Today's Service and Conservation Corps are a direct descendent of the Civilian Conservation Corps (CCC), one of President Franklin Delano Roosevelt's most successful efforts to find alternative employment for the enormous number of young men whose chances in life had been derailed by the Great Depression. Over six million young men served in the CCC from 1933-1942, dramatically improving the nation’s public lands while also receiving food, housing, education, and a $30-a-month stipend that many sent home to help support their families. Today, many still remember their service with pride and actively participate in the National Association of CCC Alumni.

While the CCC was officially disbanded in 1942, the concept lived on in the nation's heart and mind. It was revived in 1957, when the Student Conservation Association (SCA) placed its first college students as volunteers in national parks and forests. Just over a decade later the late Senator Henry M. "Scoop" Jackson used the SCA model as the basis for legislation that created the Youth Conservation Corps (YCC). At its height during the mid-1970s, the YCC was funded at the level of $60 million and enrolled some 32,000 young people each summer in programs operated by the Departments of Interior and Agriculture, as well as by states. YCC participants worked in both cities and wilderness across the country, performing a variety of conservation projects, including tree planting, river cleanup and erosion control.

Late in the 1970s, an even larger federal program was launched, the Young Adult Conservation Corps (YACC), which provided young people with year-round conservation-related employment and education opportunities. With an annual appropriation of $260 million, the YACC operated at both the Federal and state levels.

The First Wave: State Conservation Corps

Both the YCC and the YACC were virtually eliminated in 1981 due to dramatic federal budget reductions. By that time, however, the value of Youth Conservation Corps had been proven and many states had already begun to support these programs directly. California became the first when former-Governor Jerry Brown launched the California Conservation Corps in 1976. By the end of the decade, Conservation Corps were operating in Iowa and Ohio, and during the first half of the 1980s in several other states, including Maryland, Minnesota, New Jersey, Ohio, Pennsylvania, Vermont, Washington and Wisconsin.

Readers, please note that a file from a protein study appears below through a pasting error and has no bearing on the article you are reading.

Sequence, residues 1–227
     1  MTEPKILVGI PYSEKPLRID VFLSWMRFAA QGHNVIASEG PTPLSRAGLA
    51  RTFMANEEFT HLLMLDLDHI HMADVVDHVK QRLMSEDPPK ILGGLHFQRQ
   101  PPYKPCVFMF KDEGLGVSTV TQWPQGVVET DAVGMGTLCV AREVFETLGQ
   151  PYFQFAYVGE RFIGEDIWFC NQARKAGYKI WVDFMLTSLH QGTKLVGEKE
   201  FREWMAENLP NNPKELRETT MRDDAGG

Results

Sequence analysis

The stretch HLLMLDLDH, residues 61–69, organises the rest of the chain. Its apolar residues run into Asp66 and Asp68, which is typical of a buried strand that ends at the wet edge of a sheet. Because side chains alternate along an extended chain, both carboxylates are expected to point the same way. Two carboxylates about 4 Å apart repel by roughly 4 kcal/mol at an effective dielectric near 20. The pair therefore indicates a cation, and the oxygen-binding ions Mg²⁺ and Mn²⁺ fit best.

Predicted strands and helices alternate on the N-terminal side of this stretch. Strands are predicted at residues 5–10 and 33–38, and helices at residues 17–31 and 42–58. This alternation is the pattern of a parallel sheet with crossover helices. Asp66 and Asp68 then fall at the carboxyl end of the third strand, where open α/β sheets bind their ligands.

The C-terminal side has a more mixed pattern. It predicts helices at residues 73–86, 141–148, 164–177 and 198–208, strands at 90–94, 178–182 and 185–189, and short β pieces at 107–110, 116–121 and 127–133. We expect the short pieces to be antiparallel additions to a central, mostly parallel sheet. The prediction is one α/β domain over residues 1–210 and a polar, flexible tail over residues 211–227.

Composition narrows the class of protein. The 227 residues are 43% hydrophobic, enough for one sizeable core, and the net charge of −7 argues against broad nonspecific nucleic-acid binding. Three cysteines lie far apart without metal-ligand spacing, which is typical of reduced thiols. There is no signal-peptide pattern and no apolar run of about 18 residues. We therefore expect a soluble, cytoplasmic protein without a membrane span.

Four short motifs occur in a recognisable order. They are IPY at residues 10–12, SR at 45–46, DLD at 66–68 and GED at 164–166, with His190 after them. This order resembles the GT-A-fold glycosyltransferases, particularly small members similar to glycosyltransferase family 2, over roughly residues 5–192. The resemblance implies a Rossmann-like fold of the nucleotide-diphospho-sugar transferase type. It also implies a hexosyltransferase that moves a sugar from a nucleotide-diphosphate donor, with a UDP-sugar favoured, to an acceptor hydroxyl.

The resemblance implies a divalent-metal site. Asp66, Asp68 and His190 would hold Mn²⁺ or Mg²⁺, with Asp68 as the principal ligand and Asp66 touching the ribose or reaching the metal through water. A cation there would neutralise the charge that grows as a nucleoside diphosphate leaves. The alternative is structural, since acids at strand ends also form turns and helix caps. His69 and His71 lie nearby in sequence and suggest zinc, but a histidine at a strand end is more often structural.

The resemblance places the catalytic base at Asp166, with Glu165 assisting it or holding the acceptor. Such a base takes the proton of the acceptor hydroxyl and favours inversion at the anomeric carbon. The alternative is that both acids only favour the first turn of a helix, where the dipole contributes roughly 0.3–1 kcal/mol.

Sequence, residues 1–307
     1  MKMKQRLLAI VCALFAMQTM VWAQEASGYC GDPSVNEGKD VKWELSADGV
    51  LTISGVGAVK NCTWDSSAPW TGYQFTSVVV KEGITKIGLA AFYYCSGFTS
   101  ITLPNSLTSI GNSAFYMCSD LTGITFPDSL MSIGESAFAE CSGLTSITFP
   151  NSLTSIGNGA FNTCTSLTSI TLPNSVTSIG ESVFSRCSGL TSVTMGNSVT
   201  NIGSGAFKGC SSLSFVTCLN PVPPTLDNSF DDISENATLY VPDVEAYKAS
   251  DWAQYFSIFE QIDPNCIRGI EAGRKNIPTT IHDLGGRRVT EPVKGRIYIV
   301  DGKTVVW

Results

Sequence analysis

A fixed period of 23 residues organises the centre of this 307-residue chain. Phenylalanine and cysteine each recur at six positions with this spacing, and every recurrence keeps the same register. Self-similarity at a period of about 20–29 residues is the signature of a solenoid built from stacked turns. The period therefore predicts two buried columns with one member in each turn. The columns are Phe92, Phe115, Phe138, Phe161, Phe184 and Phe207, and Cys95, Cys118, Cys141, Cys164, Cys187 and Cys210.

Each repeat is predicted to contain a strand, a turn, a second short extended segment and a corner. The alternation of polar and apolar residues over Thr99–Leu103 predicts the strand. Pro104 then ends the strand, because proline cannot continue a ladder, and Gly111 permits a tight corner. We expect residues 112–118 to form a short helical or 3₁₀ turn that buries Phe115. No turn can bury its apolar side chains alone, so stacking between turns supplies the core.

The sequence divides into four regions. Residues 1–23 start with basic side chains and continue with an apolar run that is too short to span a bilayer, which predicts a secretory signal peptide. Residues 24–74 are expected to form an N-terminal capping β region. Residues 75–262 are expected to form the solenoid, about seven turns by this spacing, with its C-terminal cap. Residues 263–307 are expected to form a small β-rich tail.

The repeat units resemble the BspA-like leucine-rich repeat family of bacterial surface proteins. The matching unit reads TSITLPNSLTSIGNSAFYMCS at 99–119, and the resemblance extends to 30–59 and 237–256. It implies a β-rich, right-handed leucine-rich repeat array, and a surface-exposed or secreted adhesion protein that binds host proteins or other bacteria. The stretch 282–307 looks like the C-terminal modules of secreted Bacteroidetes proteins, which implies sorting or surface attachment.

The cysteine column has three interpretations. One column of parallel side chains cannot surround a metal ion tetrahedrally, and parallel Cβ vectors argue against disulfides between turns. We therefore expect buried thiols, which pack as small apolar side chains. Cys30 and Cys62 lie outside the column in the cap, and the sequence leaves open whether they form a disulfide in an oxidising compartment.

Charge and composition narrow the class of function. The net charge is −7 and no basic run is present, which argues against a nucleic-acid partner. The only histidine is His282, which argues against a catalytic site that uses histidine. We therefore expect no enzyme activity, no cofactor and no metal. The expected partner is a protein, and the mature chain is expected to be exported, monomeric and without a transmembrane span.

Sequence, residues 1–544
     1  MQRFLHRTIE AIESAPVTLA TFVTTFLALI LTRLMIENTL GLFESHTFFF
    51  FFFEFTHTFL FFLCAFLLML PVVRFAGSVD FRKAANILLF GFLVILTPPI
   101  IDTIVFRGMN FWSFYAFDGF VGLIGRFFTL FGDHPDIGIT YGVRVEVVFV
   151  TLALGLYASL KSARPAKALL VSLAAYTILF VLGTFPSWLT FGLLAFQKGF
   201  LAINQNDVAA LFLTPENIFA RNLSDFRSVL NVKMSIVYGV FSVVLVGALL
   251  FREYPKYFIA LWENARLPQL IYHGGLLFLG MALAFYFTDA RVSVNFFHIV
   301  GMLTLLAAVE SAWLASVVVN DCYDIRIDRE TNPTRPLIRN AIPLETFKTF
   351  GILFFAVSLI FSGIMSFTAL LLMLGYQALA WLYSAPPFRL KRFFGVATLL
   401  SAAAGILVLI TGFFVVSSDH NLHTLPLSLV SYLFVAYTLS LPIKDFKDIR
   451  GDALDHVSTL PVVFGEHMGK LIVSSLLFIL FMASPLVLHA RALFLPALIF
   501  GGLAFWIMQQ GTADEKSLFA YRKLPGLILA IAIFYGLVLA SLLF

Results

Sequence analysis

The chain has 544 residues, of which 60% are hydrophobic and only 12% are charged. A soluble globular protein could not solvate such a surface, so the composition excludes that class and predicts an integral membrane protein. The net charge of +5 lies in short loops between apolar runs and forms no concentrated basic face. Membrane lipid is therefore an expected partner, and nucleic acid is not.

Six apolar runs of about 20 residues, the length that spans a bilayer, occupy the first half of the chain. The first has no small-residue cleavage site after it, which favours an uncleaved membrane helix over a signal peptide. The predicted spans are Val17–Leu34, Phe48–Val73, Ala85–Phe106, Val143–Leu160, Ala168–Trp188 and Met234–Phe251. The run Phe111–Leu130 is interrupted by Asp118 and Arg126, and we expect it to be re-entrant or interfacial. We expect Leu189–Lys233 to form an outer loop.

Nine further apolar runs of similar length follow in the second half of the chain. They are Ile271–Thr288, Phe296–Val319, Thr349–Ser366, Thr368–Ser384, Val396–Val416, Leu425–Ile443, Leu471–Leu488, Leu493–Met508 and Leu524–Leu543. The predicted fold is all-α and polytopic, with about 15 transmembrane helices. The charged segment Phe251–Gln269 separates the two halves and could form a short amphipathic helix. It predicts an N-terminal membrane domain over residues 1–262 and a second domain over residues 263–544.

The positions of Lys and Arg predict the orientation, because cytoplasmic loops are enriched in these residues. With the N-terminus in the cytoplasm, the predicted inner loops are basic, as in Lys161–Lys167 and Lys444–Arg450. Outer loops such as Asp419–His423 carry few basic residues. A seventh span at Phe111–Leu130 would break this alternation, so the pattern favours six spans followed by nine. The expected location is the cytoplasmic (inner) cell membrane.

The Second Wave: Urban Conservation and Service Corps

In 1983 the emerging Youth Corps movement took a new twist with the birth of the first Urban Conservation Corps programs. Once again, California took the lead with the start-up of Urban Conservation Corps in Marin County, San Francisco and Oakland (East Bay), plus eight more in subsequent years. The California local Corps were strengthened by passage of the California Bottle Act in 1985, which earmarked funding for local Corps’ recycling projects.

Just a year later, New York City established the City Volunteer Corps and added a new dimension to the Corps field by engaging young people in the delivery of human services as well as conservation work. During the mid-1980s, despite the absence of federal support, new state and local Corps continued to spring up across the country. Many of the early local Conservation Corps began to add human services projects to their portfolios.

The Third Wave: Urban Corps Expansion Project (UCEP)

Late in the 1980s, with support from several large foundations (Ford, Kellogg, Hewlett, Mott, Rockefeller, and the DeWitt Wallace-Reader's Digest Fund, among others), The Corps Network (formerly known as NASCC) and Public/Private Ventures (P/PV) sponsored a national demonstration to create and evaluate Urban Corps in 10 cities across the country, using the best practices gleaned from the established Corps programs. The first of these new Corps became operational in the fall of 1990.

The Fourth Wave: Federal National and Community Service Funds for Corps

In 1992, the Youth Corps movement saw the first targeted federal funding in more than a decade, when the Commission on National and Community Service awarded approximately $22.5 million in grants to 23 states, the District of Columbia, the Los Angeles Conservation Corps (for disaster relief projects) and five Indian tribes. These funds became available under the American Conservation and Youth Service Corps Act or Subtitle C of the National and Community Service Act of 1990. While only half of the established Corps benefited directly from these funds, the number of Corps programs almost doubled, to just over 100, as a result of the new Federal "seed" money.

In 1993, the Congress enacted and President Clinton signed The National and Community Service Trust Act, which amended Subtitle C of the 1990 legislation to provide federal support to many kinds of community service programs besides the traditional Youth Corps. The new law also established post-service educational benefits for participants through the AmeriCorps Program. During the first full year of AmeriCorps, beginning in September 1994, 53 youth corps received AmeriCorps grants through statewide population-based and competitive processes as well as through a national direct application process and collaborations with Federal agencies.
Over the ensuing ten years, Corps involvement in federal national service programs has grown under both Presidents Clinton and Bush to where Corpsmembers enrolled in The Corps Network Corps account for 20 percent of all AmeriCorps members nationally. Part of this total includes a large AmeriCorps Education Awards Program run directly out of The Corps Network involving over fifty programs and over 3,500 Corpsmembers annually.


Today, the nation’s Service and Conservation Corps operate in multiple communities across all states and the District of Columbia.